Human interaction with cats
Cats are common pets in all continents of the world (excluding Antarctica), and their global population is difficult to ascertain, with estimates ranging from anywhere between 200 million to 600 million. In 1998 there were around 76 million cats in Europe, 7 million in Japan and 3 million in Australia.:4 A 2007 report stated that about 37 million US households owned cats, with an average of 2.2 cats per household giving a total population of around 82 million; in contrast, there are about 72 million pet dogs in that country. Cats exceeded dogs in number as pets in the United States in 1985 for the first time, in part because the development of kitty litter in the mid-20th century eliminated the unpleasantly powerful smell of cat urine.
Although cat ownership has commonly been associated with women, a 2007 Gallup poll reported that men and women in the United States of America were equally likely to own a cat. The ratio of pedigree/purebred cats to random-bred cats varies from country to country. However, generally speaking, purebreds are less than 10% of the total population.
According to the Humane Society of the United States, as well as being kept as pets, cats are also used in the international fur trade. Cat fur is used in coats, gloves, hats, shoes, blankets and stuffed toys. About 24 cats are needed to make a cat fur coat. This use has now been outlawed in several countries, including the United States, Australia and the European Union countries. However, some cat furs are still made into blankets in Switzerland as folk remedies that are believed to help rheumatism.
It is estimated that in southern China's Guangdong province people eat 10,000 cats per day. Animal People estimates that 4 million cats are killed and consumed in Asia every year. An animal-rights group collected 16,000 signatures in 2014 to outlaw the consumption of cat meat in Switzerland, a traditional although today uncommon practice.
Cats, as with the traditional farm cat and ship's cat, are also used for pest control, particularly in the case of rat or mouse infestation. As such, they are sometimes referred to as a "mouser", and in the United Kingdom there is even the official title of 'Chief Mouser to the Cabinet Office' since the 1500s (additional duties include "greeting guests to the house, inspecting security defences, and testing antique furniture for napping quality").
The current list of cat breeds is quite large: with the Cat Fanciers' Association recognizing 41 breeds, of which 16 are "natural breeds" that probably emerged before humans began breeding pedigree cats, while the others were developed over the latter half of the 20th century. Because of common crossbreeding, many cats are simply identified as belonging to the homogeneous breeds of domestic longhair and domestic shorthair, depending on their type of fur.
Cat coat patterns and colorsEdit
The coloration, pattern, length (short, medium or long), and texture of the coats of cats are determined by genetics.
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Cats can also come in several body types, ranging between "Oriental" and "Cobby":
- Not a specific breed, but any cat with an elongated slender build, almond-shaped eyes, distinctive voice, long nose, large ears (the Siamese and Oriental Shorthair breeds are examples of this).
- Less slender than the oriental type, but nevertheless a cat with a slight build and generally athletic look. Typical example breeds would be the Abyssinian cat and the Turkish Angora.
- More or less the middle range of body conformation types, this type of cat is less slender without being stocky. Example breeds would be the Devon Rex and the Egyptian Mau.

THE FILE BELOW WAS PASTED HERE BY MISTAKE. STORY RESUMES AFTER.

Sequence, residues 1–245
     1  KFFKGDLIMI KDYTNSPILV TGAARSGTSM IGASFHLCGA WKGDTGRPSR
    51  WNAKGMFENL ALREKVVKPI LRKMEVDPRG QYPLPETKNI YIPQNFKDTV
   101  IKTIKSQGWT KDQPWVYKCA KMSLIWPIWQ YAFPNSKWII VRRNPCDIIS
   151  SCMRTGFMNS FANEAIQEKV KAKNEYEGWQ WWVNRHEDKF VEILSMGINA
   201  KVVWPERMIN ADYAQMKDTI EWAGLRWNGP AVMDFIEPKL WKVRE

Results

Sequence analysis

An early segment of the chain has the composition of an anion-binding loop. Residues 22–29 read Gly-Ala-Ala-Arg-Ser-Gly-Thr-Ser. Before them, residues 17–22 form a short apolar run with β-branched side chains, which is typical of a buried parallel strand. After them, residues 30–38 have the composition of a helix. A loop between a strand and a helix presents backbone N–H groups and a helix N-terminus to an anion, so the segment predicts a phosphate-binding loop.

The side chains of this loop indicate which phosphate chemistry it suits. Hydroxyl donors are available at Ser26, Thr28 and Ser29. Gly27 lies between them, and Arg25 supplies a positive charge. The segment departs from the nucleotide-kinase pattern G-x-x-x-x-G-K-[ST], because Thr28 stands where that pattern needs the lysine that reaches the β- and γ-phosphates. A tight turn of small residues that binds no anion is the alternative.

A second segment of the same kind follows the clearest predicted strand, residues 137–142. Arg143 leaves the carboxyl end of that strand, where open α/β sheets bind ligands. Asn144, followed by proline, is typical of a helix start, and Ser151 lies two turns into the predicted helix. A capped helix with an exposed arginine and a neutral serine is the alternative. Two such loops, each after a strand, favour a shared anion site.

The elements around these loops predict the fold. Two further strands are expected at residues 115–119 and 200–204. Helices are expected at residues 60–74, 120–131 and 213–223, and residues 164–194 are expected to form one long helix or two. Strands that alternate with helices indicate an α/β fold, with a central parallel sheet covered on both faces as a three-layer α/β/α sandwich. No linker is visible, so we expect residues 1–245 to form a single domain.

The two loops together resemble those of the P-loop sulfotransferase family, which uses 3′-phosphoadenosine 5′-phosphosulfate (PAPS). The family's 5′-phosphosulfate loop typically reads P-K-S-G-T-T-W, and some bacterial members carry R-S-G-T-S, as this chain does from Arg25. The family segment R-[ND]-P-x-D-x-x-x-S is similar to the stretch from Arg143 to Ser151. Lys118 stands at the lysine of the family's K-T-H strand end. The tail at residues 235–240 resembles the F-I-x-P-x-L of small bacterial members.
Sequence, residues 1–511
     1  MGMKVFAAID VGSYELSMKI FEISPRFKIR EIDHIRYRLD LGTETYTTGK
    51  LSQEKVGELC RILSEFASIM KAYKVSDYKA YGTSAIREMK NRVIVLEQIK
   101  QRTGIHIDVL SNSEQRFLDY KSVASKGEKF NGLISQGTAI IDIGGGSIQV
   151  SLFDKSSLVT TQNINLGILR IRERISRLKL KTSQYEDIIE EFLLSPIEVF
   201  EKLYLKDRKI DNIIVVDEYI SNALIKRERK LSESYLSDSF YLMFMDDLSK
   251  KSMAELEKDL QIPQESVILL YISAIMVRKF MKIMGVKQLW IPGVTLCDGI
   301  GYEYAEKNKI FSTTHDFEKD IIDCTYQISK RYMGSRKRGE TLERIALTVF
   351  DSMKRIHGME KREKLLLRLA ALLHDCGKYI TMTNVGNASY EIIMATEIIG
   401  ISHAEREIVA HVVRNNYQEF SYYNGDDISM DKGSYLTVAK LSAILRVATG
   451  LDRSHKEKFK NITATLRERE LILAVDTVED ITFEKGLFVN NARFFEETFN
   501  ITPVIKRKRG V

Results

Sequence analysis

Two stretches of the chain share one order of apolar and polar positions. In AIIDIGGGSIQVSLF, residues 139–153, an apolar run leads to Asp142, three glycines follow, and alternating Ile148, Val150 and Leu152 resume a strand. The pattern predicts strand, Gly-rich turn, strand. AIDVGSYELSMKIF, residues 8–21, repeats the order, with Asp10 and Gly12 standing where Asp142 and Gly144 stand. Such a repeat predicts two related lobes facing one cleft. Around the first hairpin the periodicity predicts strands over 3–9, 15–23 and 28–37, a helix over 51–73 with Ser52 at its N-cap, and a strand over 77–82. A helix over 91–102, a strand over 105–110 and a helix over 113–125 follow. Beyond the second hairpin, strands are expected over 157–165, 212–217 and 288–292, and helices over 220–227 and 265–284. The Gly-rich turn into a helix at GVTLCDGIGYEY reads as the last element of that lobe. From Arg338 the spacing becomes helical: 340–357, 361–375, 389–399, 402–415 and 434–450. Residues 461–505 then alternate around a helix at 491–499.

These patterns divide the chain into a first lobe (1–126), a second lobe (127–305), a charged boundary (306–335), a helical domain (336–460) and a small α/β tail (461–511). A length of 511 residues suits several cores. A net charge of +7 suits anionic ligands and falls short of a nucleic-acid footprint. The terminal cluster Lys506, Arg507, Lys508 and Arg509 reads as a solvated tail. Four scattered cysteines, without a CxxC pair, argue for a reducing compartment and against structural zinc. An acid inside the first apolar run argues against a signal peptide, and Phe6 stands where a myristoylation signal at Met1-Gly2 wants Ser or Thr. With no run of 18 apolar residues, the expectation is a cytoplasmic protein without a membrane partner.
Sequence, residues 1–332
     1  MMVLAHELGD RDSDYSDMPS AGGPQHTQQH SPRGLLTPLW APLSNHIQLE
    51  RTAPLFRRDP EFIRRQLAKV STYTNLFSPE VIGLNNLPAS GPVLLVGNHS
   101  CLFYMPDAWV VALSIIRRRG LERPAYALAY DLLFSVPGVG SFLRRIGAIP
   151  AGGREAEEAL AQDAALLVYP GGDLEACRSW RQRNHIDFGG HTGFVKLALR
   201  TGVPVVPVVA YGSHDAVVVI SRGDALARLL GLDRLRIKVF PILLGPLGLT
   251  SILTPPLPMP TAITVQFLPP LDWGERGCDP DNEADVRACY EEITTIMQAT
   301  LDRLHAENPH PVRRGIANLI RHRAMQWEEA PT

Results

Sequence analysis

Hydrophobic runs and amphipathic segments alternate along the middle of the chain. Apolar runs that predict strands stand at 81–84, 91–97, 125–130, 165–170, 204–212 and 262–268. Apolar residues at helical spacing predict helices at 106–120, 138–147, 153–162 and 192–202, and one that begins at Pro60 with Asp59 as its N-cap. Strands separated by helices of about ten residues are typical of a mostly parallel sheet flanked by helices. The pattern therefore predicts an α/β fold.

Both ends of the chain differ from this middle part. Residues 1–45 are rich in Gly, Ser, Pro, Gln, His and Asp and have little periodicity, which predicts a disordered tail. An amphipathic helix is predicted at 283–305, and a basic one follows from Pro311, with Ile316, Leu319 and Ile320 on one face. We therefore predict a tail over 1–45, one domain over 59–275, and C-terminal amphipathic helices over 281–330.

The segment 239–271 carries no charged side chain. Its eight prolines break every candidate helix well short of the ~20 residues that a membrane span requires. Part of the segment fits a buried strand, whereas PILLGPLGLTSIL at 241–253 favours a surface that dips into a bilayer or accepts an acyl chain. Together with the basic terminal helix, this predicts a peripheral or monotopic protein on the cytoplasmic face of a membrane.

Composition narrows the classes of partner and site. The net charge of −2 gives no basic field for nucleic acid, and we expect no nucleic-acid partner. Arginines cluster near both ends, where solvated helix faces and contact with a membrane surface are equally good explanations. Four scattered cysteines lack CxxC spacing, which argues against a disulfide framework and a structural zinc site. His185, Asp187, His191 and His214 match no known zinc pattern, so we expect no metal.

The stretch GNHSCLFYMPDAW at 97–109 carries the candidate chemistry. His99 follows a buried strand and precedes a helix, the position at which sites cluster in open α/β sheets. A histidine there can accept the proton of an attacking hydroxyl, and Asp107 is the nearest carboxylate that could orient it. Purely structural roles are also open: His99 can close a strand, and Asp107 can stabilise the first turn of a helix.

- These cats look more rounded without looking too stocky. Example breeds would be the American Shorthair and British Shorthair.
- Any cat with a short, muscular, compact build, roundish eyes, short nose, and small ears. Persian cats and Exotic cats are two prime examples of such a body type.
Effects on human healthEdit
Because of their small size, domesticated house cats pose little physical danger to adult humans. However, in the USA cats inflict about 400,000 bites per year. This number represents about one in ten of all animal bites. Many cat bites will become infected, sometimes with serious consequences such as cat-scratch disease, or, more rarely, rabies. Cats may possibly also pose a danger to pregnant women and immunosuppressed individuals, since their feces, in rare cases, can transmit toxoplasmosis. A large percentage of cats are infected with this parasite, with infection rates ranging from around 40 to 60% in both domestic and stray cats worldwide. Research indicates a correlation between the parasite Toxoplasma gondii, which sexually reproduces exclusively in cats, and numerous human psychiatric conditions, including OCD. The compulsive hoarding of cats, a symptom of obsessive compulsive disorder (OCD), has long been associated with "crazy cat ladies".
Allergic reactions to cat dander and/or cat saliva are common. Some humans who are allergic to cats—typically manifested by hay fever, asthma, or a skin rash—quickly acclimate themselves to a particular animal and live comfortably in the same house with it, while retaining an allergy to cats in general. Whether the risk of developing allergic diseases such as asthma is increased or decreased by cat ownership is uncertain. Some owners cope with this problem by taking allergy medicine, along with bathing their cats frequently, since weekly bathing will reduce the amount of dander shed by a cat. There have also been attempts to breed hypoallergenic cats, which would be less likely to provoke an allergic reaction.
As well as posing health risks, interactions with cats may improve health and reduce physical responses to stress: for example the presence of cats may moderate increased blood pressure. Cat ownership may also improve psychological health by providing emotional support and dispelling feelings of depression, anxiety and loneliness.:23–56 Their ability to provide companionship and friendship are common reasons given for owning a cat.